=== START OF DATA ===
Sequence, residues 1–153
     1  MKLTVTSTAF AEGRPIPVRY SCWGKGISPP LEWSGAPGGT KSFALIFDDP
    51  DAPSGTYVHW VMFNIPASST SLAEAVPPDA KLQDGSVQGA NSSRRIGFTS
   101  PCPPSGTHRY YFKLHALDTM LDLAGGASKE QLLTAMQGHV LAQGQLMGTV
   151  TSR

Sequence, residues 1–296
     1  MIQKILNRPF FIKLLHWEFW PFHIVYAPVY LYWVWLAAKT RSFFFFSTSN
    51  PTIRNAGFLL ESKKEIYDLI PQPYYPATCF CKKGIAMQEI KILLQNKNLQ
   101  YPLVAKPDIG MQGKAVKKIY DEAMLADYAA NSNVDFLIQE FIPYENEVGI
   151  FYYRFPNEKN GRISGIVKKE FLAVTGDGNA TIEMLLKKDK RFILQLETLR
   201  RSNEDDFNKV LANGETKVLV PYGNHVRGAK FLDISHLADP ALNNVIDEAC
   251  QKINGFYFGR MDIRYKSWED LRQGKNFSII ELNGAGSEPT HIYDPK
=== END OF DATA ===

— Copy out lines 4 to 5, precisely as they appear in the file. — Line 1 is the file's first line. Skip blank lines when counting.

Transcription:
   101  PCPPSGTHRY YFKLHALDTM LDLAGGASKE QLLTAMQGHV LAQGQLMGTV
   151  TSR